Sometimes I escape into baking and I'd been on a spree lately, making dog biscuits, muffins and most recently these sweet rolls. I'd wanted to use my favorte walnuts from Grouse Mountain, I usually splurge with these local treasures at least once evey fall.
I said "been on a baking spree"because shortly after I made these rolls (the next day), I gave up bread products. For just 14 days, but still. It all started as a conversation, "what would it be like to give up candy, ice cream--something you like." I mean really like.
Okay, after I said, I'm in for 14 days, I ate my share of the rolls first.
I used a recipe from this old pamphlet Mom gave me decades ago. It's actually one of the first things I ever baked on my own.
I'm not exactly sure of the year, but the winning recipe in this one was from Mrs. Henry Jorgenson from Portland, Oregon. Is she anyone's grandmother? Is she still around? She won $25,000 and she said was for her son's college education. Today $25,000 might only buy a year's tuition. In the 50s that money would have paid for the entire 4 years of college and you'd probably have some money left over. I used her recipe called "Ring-a-Lings."
I didn't exactly follow her recipe. I left out the eggs. The nut filling was with hazelnuts. (Go figure, Portland, right). I prefer walnuts, but the orange flavoring could really enhance hazelnuts.
But recipes are for changing. For bread, all you really need are yeast, warm liquid, flour, salt and oil. The rest is optional. The rest is tweaking. I could have also made them pumpkin by adding some pureed pumpkin. Maybe next time.
Don't omit the salt, or it will seriously taste flat.
Local flour with yeast bread can be tricky. I don't really bake much, so I don't have a scale for accuracy.
Fourteen days without bread? Just in case you decide to go without, do it after you've eaten your share.
A big thank you to Mrs. Henry Jorgenson.
Orange-Walnut Sweet Rolls
(Makes 1 dozen rolls)
These rolls are for days when you have some time at home to let them rise. I generally let them rise three times, with the last rise as shaped rolls, but the original recipe had only two rises. Before you start, it's est to heat the almond milk in a microwave for 30 seconds at a time until it is hot. The yeast needs the liquid to be 105F to activate.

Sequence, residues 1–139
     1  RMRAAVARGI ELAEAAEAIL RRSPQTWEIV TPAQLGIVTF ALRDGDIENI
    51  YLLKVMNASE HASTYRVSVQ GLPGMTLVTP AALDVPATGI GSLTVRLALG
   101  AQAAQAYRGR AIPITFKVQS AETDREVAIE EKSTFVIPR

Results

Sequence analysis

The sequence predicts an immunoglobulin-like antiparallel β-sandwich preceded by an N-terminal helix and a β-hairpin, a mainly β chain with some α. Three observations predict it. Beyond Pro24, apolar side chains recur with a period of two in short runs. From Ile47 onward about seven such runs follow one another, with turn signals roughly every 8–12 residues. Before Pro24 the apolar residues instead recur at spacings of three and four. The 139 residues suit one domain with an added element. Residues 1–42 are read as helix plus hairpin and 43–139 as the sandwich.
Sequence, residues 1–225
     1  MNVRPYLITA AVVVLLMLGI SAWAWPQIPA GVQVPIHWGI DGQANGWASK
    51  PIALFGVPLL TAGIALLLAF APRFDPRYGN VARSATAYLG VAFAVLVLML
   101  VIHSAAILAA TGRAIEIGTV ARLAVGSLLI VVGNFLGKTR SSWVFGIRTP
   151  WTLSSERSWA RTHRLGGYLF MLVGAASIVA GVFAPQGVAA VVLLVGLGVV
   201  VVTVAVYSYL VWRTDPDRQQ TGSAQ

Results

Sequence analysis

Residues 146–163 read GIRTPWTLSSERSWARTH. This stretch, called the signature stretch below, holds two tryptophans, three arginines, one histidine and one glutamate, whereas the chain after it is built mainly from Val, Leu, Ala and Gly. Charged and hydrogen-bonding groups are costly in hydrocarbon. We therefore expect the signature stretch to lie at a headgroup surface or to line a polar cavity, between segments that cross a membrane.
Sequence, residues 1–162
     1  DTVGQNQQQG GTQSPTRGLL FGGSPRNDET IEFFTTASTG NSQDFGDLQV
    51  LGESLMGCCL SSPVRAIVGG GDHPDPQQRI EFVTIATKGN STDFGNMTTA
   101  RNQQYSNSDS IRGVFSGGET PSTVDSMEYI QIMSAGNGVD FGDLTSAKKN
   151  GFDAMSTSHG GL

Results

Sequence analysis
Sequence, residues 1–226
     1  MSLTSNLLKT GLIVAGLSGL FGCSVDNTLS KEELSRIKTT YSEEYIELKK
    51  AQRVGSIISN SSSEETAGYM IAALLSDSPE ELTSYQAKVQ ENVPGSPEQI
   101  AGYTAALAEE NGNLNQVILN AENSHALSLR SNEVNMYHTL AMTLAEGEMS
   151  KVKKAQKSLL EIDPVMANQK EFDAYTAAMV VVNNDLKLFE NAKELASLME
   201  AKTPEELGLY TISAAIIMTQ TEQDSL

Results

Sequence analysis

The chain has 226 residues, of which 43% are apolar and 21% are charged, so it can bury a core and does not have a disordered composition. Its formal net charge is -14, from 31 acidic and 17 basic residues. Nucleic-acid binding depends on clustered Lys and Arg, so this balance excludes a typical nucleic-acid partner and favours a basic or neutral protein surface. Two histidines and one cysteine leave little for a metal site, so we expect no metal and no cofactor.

1 package yeast
1/2 cup hot almond milk
1/2 cup fresh orange juice
2 tablespoons honey or 1 tablespoon agave nectar
3 to 4 cups unbleached flour (or use a 50/50 mixture of hard wheat and unbleached flour)
1/2 teaspoon salt
1 tablesoon fresly grated orange zest
1/4 cup melted butter or Earth Balance
1/2 cup Earth Balance or softened butter
3/4 cup brown sugar
1/2 teaspoon cardamom
1 cup chopped walnuts
1/2 cup chopped tart cherries or currants
1/4 cup fresh orange juice
3 tablespoon sugar for glaze
1. Dissolve yeast in milk and orange juice. Let it sit for 5 minutes. Mix in the honey. Stir in flour, salt orange zest. Stir until a dough begins to form. Add the butter or Earth Balance and continue to mix until a thick dough forms, adding flour to make dough very thick. Continue to mix until dough pulls away from the sides of the bowl and is thick enough to handle.
2. Knead dough until it becomes smooth and elastic. Shape it into a ball and place it in an oiled bowl to rise for 1 hour. Let it rise in a warm place. Make sure no drafts hit the dough while it is rising. When it is doubled in bulk, push the dough down. Knead again and let it rise once more for about 30 minutes. (Test the dough with the poke method. If the dough fills in right away after poking it, it still needs to rise. If the indentation remains, the dough has risen enough.)
3. Combine the ingredients for the filling while dough is rising the second time.
4. Turn dough out onto a floured board after the second rise. Let it sit 5 minutes, then pull or roll the dough to a rectangle--about 22 by 12-inches. Spread the filling over half the wide side of the dough. Fold the other half over the dough, so you have a sandwich with the filling in the center.
5. Slice 12 strips. Take each filled strip and twist it around. Form the twists into a circle, pinching the dough together.
6. Place on parchment paper on a baking sheet. Cover with a damp towel or an oiled piece of plastic wrap and let rise for 1 hour or until doubled in size. Make glaze from orange juice and sugar.
7. Preheat oven to 350F. Bake for 15 minutes. Rolls will be lightly browned. Remove from oven and brush with glaze. Bake 5 minutes more. Tops should be golden brown.
I nearly didn't take this picture because it shows my primitive baking skills. I was a little worried about the thin sections.
And try to spead the filling evenly. You can see the challenges of too much filling when it comes to twisting the dough.
Just when I was sure they wouldn't turn out, it all came together.
I wasn't the only one impressed with how easily they came together.
The last rise takes about an hour. Salt and fat slow down the rise. I added little currants to the filling. My Cooking Assistant can only dream. Currants like raisins aren't good for dogs, so he had to settle for a dog biscuit for his modeling fee.